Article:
Tuesday, September 05, 2006

Labor Day Post

Whether you are pro- or anti- Union, read this article in the New York Times Magazine about Andy Stern, the S.E.I.U. and union in-fighting.
The implications of Stern's crusade stretch well beyond the narrow world of organized labor and into the heart of the nation's politics. The stale and paralyzed political dialogue in Washington right now is a direct result of the deterioration of industrial America, followed by the rise of the Wal-Mart economy.
Even if big labor eventually does come to be made up of bigger unions, Stern sees a larger challenge: can you build a multinational labor movement to counter the leverage of multinational giants whose tentacles reach across oceans and continents? The emblem of this new kind of behemoth, of course, is Wal-Mart, the nation's largest employer. Wal-Mart has, in a sense, turned the American retail model inside out. It used to be that a manufacturer made, say, a clock radio, determined its price and the wages of the employees who made it and then sold the radio to a retail outlet at a profit. Wal-Mart's power is such that the process now works in reverse: in practice, Wal-Mart sets the price for that clock radio, and the manufacturer, very likely located overseas, figures out how low wages will have to be in order to make it profitable to produce it. In this way, Wal-Mart not only resists unions in its stores with unwavering ferocity but also drives down the wages of its manufacturers -- all in the service of bringing consumers the lowest possible price.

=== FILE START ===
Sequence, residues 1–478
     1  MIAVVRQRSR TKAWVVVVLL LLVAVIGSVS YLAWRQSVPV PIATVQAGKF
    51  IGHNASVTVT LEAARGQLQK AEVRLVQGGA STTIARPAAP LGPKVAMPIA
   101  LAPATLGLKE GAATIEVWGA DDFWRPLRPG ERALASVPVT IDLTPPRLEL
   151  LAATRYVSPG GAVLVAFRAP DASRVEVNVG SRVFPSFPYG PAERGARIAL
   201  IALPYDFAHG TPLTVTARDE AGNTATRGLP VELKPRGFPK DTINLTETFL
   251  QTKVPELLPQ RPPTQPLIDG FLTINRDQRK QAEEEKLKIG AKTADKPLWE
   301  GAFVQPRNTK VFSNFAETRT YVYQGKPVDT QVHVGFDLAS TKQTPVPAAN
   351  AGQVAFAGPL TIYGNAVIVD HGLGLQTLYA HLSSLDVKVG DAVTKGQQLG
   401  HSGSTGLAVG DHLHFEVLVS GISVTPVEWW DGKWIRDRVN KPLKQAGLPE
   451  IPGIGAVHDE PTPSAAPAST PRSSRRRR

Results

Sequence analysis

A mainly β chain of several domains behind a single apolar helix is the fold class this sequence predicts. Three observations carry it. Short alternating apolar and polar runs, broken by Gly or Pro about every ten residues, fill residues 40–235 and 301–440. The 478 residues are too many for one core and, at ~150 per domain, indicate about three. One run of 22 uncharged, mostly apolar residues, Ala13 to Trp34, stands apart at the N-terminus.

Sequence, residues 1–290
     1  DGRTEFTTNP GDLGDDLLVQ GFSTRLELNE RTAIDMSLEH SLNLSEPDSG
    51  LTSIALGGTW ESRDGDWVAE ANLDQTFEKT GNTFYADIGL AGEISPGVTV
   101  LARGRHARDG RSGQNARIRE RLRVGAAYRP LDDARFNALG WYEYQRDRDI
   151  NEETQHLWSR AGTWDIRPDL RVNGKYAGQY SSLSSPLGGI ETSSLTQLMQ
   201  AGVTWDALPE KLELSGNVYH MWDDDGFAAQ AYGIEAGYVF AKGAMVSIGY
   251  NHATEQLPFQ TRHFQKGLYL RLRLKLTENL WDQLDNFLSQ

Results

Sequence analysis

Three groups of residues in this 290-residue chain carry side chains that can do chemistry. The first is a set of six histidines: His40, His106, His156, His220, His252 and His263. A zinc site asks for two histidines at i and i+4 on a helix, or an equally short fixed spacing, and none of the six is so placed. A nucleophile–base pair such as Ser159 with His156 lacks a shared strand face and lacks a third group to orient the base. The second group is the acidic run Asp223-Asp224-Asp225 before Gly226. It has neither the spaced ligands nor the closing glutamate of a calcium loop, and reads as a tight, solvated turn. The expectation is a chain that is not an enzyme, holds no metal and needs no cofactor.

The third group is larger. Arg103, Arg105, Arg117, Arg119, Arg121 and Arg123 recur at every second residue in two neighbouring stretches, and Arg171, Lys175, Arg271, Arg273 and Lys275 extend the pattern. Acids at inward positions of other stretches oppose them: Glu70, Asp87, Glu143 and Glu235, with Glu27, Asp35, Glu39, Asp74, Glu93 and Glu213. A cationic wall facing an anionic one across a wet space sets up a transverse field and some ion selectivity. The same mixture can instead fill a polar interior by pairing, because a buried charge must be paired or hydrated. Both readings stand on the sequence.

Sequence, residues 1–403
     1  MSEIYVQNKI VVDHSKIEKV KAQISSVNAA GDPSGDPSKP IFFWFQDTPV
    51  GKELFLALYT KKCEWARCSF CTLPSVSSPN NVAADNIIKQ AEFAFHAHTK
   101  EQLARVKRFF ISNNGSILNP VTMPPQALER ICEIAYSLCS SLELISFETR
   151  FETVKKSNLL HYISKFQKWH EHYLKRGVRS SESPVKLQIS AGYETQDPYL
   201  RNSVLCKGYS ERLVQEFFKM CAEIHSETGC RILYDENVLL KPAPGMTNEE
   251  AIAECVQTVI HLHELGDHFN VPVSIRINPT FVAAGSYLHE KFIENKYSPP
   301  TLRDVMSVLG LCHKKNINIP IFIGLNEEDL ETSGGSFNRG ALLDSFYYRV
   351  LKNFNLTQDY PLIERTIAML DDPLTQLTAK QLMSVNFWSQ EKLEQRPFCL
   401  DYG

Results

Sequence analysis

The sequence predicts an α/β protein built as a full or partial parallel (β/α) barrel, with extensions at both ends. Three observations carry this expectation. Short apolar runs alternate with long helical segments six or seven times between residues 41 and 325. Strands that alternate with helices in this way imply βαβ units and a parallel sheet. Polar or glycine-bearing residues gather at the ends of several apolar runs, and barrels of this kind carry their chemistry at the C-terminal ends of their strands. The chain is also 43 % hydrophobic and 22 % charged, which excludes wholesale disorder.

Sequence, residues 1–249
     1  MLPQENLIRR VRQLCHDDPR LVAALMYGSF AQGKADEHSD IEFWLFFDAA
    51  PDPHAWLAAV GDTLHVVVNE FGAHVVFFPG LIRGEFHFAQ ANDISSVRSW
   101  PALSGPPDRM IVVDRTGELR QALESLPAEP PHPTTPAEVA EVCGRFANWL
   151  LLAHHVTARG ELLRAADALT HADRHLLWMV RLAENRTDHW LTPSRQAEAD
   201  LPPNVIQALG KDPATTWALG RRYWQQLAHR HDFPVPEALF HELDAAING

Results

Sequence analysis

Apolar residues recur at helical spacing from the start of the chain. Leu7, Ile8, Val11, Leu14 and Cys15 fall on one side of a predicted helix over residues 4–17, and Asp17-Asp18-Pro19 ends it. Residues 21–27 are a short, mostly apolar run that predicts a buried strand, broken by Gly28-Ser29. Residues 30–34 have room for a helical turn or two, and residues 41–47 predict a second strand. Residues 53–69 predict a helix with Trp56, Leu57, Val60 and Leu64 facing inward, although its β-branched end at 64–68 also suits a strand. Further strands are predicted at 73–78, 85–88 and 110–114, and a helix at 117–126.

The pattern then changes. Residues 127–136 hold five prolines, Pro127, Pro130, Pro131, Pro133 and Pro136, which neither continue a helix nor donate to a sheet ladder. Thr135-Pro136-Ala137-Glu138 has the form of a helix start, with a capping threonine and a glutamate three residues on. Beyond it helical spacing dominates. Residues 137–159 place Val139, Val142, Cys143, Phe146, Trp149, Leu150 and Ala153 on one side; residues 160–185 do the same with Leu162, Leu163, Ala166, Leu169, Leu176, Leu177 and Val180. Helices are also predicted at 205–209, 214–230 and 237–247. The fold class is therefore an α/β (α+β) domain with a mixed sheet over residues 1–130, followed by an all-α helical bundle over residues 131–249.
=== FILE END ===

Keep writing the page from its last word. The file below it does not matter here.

''What was good for G.M. ended up being good for the country,'' Stern says. ''What's good for Wal-Mart ends up being good for five families'' -- the heirs to the Walton fortune. Stern's reform plan for the A.F.L.-C.I.O. includes a $25 million fund to organize Wal-Mart's workers. But as a retail outlet, Wal-Mart doesn't really fall within the S.E.I.U.'s purview. What Stern says he is deeply worried about is what he sees as the next generation of Wal-Marts, which are on his turf: French, British and Scandinavian companies whose entry into the American market threatens to drive down wages in service industries, which are often less visible than retail. ''While we were invading Iraq, the Europeans invaded us,'' Stern says. Most of these companies have no objection to unionizing in Europe, where organized labor is the norm. But when they come to the United States, they immediately follow the Wal-Mart model, undercutting their competitors by shutting out unions and squeezing paychecks.

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